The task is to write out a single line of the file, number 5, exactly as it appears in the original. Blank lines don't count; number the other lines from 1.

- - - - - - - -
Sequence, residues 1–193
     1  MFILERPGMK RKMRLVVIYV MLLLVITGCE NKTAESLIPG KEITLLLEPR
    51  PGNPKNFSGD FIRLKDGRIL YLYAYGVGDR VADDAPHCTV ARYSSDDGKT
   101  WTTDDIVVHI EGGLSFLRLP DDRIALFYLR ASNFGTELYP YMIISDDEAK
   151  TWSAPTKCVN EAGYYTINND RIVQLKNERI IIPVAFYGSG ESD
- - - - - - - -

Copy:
   151  TWSAPTKCVN EAGYYTINND RIVQLKNERI IIPVAFYGSG ESD